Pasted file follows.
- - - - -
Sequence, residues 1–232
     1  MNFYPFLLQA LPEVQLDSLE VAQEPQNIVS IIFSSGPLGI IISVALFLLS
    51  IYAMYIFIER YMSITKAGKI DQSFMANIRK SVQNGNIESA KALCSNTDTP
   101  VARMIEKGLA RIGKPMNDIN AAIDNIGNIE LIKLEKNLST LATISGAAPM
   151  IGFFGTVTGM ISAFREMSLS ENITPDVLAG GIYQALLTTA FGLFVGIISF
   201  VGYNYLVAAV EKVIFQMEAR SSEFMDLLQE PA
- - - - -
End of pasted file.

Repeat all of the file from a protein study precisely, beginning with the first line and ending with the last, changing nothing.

Sequence, residues 1–232
     1  MNFYPFLLQA LPEVQLDSLE VAQEPQNIVS IIFSSGPLGI IISVALFLLS
    51  IYAMYIFIER YMSITKAGKI DQSFMANIRK SVQNGNIESA KALCSNTDTP
   101  VARMIEKGLA RIGKPMNDIN AAIDNIGNIE LIKLEKNLST LATISGAAPM
   151  IGFFGTVTGM ISAFREMSLS ENITPDVLAG GIYQALLTTA FGLFVGIISF
   201  VGYNYLVAAV EKVIFQMEAR SSEFMDLLQE PA